The Love of a Lifetime
My Mami, my books and me
Guadalupe Gonzalez, Contributing Writer
I think it began when I was about three years old. As I waited for my Papi to come home from work, I stood at the window with the best view of the street, my breath condensing on the windowpane.
Published on LatinoLA: July 25, 2012
Of course, I did not know that was what was happening, it just seemed to appear when I got close to the window.
As I practiced the one letter that I knew, "L", of course, I knew my Mami and Tia were sitting on the sofa, reading romance novels. I knew they were bootlegged into the house, although then I did not know the word "bootlegged." I just knew my Papi had a major snit if he found one around the house.
So when I yelled out, "Papi's home!", there was a lot of scurrying and "andale's" behind me. Mami and Tia had jumped up from their lounging positions and were busily stuffing the evidence of their afternoon of fantasy under the couch cushions. (Someday I will tell you how rough it got when my parents got rid of that sofa and went all "Danish Moderne" on us. Those Danes cannot hide a darn thimble in their furniture...)
The jig was up one fine afternoon, the "L" barely visible in the window, when Papi walked in and greeted my Mami and his sister, my Tia. They responded cheerfully and with broad smiles, probably still in the arms of the winner of "Quien es mas macho" in the novela world of theirs. Then, the unimaginable happened. They had stuffed so many cheesy books under the cushions that a huge avalanche of Mami, Tia, cushions and books occurred. Ooops. Ay ay ay.
My Papi, the jefe of the house, just stood there, looking good in his suit. But a telling tidbit of hair showed his true, inner jefe. A lock of his hair fell on his forehead. I think Ricky Ricardo's hair used to do the same thing when he yelled out, "You have some 'splainin' to do!!" Mami and Tia explained, the books were banned yet again, and all was forgotten about that episode in our lives.
Except for me. I remember so clearly my Mami's love of reading that she was willing to incur her husband's wrath over reading the wrong kind of book. I mean, what did he want her to read, "Beowolf?" Perhaps a little depressing Theodore Dreiser with a snippet of Sylvia Plath? To quote a song of the Eighties, "Don't bring me down, --------------!" (Is it Bruce? Juice? Deuce? Whatever...just don't bring me down.)
So when we moved, my Mami found out that at the Atlantic Square they held occasional book sales. Hard cover books, for a nickel or a dime! Bonanza!! By this time, I knew how to read, and all I ever wanted was a book. For my birthday, for Christmas, for any day of the week that ended with "y". (Except for when I tried to convince my husband when we were newly married that Good Friday called for the bestowing of diamond jewelry for the Catholic in the family. That was a no go. I think he gave me a Rosary.)
So my Mami and I, armed and heavy with coinage, commandeered one shopping cart each and went our separate ways. I did not dilly dally, looking through books to find "the good parts." This was serious demolition derby book shopping. This was my stash for the next few months. I tossed everything that had any possibilities into the cart, with the thought of pulling aside for a pit stop to review and re-evaluate my treasures. Because the so/so ones had to go. I did not have that much coinage, my pants would have been at my ankles. (Not a bad idea, in retrospect, maybe I would have gotten a better deal at check out. Oh, well.)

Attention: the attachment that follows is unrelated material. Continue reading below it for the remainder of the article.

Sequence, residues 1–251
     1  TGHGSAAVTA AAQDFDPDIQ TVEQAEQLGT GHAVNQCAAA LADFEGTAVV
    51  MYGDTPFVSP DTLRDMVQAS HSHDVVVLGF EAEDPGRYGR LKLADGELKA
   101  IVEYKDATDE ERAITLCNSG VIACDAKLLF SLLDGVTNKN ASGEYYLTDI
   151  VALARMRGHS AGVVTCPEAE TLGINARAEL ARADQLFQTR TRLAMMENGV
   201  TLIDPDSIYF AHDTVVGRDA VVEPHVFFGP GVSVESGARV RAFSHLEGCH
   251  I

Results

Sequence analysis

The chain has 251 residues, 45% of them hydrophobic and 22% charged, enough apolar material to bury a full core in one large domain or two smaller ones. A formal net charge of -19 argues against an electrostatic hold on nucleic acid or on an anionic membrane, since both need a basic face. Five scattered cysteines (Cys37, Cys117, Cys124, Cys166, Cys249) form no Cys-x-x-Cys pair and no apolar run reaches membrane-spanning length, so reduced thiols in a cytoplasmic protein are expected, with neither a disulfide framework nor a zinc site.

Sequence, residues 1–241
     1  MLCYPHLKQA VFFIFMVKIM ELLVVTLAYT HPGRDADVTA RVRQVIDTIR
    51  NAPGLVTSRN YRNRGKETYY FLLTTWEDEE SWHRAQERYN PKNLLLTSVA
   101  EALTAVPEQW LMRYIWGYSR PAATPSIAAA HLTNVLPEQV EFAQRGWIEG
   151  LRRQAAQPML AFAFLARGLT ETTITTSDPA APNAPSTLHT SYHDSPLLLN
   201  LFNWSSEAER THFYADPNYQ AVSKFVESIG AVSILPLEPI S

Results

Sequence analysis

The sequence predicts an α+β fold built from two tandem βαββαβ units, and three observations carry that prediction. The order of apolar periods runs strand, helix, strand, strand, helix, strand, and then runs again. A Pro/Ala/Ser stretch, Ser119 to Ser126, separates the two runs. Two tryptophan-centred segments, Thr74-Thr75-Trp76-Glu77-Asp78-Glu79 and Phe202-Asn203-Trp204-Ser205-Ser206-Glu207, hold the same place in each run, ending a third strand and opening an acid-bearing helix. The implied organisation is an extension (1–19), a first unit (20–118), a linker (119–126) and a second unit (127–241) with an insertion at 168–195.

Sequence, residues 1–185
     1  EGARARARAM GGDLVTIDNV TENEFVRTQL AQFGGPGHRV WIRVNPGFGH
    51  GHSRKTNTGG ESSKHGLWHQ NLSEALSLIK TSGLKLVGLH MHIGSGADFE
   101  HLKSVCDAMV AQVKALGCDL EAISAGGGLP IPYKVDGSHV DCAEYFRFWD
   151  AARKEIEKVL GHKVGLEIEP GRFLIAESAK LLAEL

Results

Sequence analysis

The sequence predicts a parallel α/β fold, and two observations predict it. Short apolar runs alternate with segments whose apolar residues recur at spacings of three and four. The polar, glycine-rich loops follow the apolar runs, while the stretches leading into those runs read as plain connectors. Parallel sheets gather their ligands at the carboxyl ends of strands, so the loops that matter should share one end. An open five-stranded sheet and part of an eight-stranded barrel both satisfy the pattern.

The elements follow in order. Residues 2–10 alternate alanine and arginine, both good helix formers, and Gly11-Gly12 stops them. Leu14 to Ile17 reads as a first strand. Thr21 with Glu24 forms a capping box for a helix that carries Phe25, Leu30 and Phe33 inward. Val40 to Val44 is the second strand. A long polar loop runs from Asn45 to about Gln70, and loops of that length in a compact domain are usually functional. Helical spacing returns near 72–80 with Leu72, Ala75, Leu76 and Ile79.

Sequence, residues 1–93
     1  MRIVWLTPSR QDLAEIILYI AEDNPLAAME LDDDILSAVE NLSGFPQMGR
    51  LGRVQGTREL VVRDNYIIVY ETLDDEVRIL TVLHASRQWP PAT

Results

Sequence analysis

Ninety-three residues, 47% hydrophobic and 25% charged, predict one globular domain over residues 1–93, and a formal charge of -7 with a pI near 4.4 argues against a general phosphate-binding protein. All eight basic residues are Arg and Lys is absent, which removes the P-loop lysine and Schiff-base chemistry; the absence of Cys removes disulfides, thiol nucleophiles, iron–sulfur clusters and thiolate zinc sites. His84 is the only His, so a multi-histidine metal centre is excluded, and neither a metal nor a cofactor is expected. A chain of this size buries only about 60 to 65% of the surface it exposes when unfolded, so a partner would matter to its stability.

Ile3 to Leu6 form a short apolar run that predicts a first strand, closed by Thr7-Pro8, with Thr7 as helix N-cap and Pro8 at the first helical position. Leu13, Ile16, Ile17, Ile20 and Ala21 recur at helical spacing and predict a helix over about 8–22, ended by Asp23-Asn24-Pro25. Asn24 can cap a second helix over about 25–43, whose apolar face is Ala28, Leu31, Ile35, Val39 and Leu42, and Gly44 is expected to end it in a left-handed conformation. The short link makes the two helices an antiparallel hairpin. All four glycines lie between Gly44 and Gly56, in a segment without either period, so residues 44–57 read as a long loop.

The whole event was quite calm and uneventful. I suppose we readers are a meek lot. There was no grabbing and pulling of book covers, as there is grabbing and pulling of sweater sleeves on the day after Thanksgiving. I remember finally getting together with my Mami, counting out our books and figuring out our financial assets (a classy phrase for "whattawegot?") Then, checking out and putting all our booty (the books, not our asses), into shopping bags and calling a cab.
My Mami, as you know, is a world class learner's permit holder, but never got her license. It's like she got to third base at DMV. ANYWAY, remember how they used to have those black boxes attached to the outer walls of stores so you could just pick up the filthy-staph infected phone and call for a filthy-staph infected cab? Yeah, that was our mode of transport on these special days. On those days, the sun shone more brightly, people greeted each other ("Hello, Neighbor!"), and a rainbow followed my Mami and myself wherever we went.
To this day, I surround myself with books. Real books and e-books. You should see pictures of the room in Acapulco from my honeymoon...well, some of them. My husband and I each have at least ten books piled up on either side of the bed. Somedays, in our bedroom now, we have avalanches of books and my husband yells up, "You okay?" Me: "Yeah, books."
I once called Kindle support and when the person got to my account the first thing she said was, "And what can we do for you today, Ms....OH MY!!" I guess I overloaded one of my two Kindles. (First I had one, then gave one to my Mami, which she promptly returned with a sniffy, "It's too complicated.")
I guess I am my Mami's daughter. I recently commented to my husband, "I am so tired of pressing this darn button to turn the page!"
And to think, it all started with the novels under the cushions. I bet the Danes could fit Kindles anywhere.
Guadalupe Gonzalez (c)
Guadalupe Gonzalez, Contributing Writer:
Writer and Los Angeles Attorney